Summertime Sadness

Markets & Weather comparably volatile

Tuesday, 6 August: After an unsurprisingly rough session on Wall St. yesterday global sentiment had seen little change going into Tuesday’s session for Asian bourses and it was another tough session as the Nikkei (-0.65%) shed alongside the Hang Seng (-0.67%). The main story of the day was unseasonal volatility. At the European opening bells markets were mixed but the FSTE quickly fell 0.5%, not helped by the pound having a fairly strong start to see gains vs the dollar and euro, albeit from a relatively low base.  As the session progressed towards lunch the FTSE had pared losses and was modestly higher, spurred by the People’s Bank of China (PBOC) decision to fix the yuan higher than expected. As Wall St. opened to a recovery, and the majority of Euro bourses were holding gains the FTSE once again slipped, seemingly hampered by a stronger pound which is currently 0.55 up vs the euro. The index eventually closed 0.72% lower, with the S&P 500 and Dow currently 0.5% higher.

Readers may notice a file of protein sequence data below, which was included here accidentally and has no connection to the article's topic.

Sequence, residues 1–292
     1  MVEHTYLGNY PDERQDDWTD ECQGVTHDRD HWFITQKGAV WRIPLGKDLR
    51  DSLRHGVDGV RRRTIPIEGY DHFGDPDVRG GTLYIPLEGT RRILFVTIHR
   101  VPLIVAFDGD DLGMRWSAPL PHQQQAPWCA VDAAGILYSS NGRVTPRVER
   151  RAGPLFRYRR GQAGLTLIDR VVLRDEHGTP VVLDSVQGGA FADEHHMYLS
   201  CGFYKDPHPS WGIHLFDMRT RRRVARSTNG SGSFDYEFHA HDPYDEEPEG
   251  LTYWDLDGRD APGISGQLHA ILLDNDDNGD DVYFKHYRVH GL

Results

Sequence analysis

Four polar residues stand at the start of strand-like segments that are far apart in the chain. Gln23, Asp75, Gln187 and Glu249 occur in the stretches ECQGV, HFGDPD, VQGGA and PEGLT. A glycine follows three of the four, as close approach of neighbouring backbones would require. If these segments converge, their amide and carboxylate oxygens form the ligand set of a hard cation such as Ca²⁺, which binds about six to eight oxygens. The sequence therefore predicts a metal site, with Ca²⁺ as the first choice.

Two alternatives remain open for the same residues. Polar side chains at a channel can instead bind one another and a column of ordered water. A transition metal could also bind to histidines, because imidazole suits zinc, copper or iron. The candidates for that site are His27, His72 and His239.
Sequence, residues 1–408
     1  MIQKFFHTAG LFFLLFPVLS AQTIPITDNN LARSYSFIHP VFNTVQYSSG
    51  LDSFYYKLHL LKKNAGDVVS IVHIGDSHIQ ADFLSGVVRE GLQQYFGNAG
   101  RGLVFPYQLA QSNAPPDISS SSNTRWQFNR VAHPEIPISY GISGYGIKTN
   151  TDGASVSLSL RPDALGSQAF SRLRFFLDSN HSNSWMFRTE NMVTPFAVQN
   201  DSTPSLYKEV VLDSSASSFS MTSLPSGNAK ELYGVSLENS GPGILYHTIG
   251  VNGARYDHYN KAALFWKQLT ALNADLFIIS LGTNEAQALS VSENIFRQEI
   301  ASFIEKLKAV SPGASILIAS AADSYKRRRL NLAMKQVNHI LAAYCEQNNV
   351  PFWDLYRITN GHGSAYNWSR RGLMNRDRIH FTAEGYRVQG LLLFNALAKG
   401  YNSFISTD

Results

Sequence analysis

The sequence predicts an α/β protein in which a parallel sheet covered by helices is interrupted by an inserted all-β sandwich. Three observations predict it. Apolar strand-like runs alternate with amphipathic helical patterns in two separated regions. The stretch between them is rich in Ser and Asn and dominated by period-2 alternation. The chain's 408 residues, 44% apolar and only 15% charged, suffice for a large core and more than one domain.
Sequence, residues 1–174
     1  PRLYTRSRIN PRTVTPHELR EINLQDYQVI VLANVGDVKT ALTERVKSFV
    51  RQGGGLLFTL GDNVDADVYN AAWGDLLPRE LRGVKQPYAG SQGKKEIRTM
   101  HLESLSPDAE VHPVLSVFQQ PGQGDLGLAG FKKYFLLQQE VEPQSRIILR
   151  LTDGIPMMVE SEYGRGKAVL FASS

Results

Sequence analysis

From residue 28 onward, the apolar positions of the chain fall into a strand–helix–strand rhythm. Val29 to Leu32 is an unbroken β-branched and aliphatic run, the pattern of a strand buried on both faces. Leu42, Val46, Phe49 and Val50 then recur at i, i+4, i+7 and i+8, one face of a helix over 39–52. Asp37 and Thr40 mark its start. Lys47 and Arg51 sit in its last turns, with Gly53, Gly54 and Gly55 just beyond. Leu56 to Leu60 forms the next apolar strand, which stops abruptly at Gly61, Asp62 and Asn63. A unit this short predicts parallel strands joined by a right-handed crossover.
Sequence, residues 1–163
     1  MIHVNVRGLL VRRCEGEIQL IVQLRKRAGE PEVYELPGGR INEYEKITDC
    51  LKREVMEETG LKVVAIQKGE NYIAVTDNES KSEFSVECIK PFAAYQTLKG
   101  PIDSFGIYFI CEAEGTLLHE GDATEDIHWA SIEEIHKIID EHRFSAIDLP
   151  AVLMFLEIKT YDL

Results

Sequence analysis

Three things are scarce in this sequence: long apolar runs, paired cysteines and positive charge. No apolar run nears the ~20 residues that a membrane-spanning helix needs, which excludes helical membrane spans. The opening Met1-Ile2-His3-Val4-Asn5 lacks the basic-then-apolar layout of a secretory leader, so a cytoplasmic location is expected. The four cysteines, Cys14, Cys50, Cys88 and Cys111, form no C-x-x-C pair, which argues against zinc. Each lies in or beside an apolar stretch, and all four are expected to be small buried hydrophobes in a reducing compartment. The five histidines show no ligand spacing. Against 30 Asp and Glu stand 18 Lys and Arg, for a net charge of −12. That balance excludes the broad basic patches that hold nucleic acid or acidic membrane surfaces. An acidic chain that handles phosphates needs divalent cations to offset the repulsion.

The main index wasn’t helped by unfavourable results from Rolls-Royce and InterContinental Hotels either, with the former seeing shares drop to the bottom of the FTSE, losing 6.9% on the day. Rolls-Royce narrowed their pre-tax loss in the opening half of the year and backed full year guidance but they’re still evidently plagued by engine problems.

InterContinental Hotels saw a pre-tax profit climb of 25% in the first half as higher revenues helped the firm. But revenue per room fell short of expectations and this led shares to a 2% decline today.

Dominos Pizza saw a first-half profit decline of 27% hit from challenging international markets as well as slowing demand in the UK (which has nothing to do with me). They also announced their CEO will retire. It is believed the replacement CEO will tackle complex issues with the domestic franchise set-up. Shares climbed 1.7% during the day.

Industrial equipment manufacturer Rotork saw shares jump 7.6% today as higher margins offset anticipated an sales decline.

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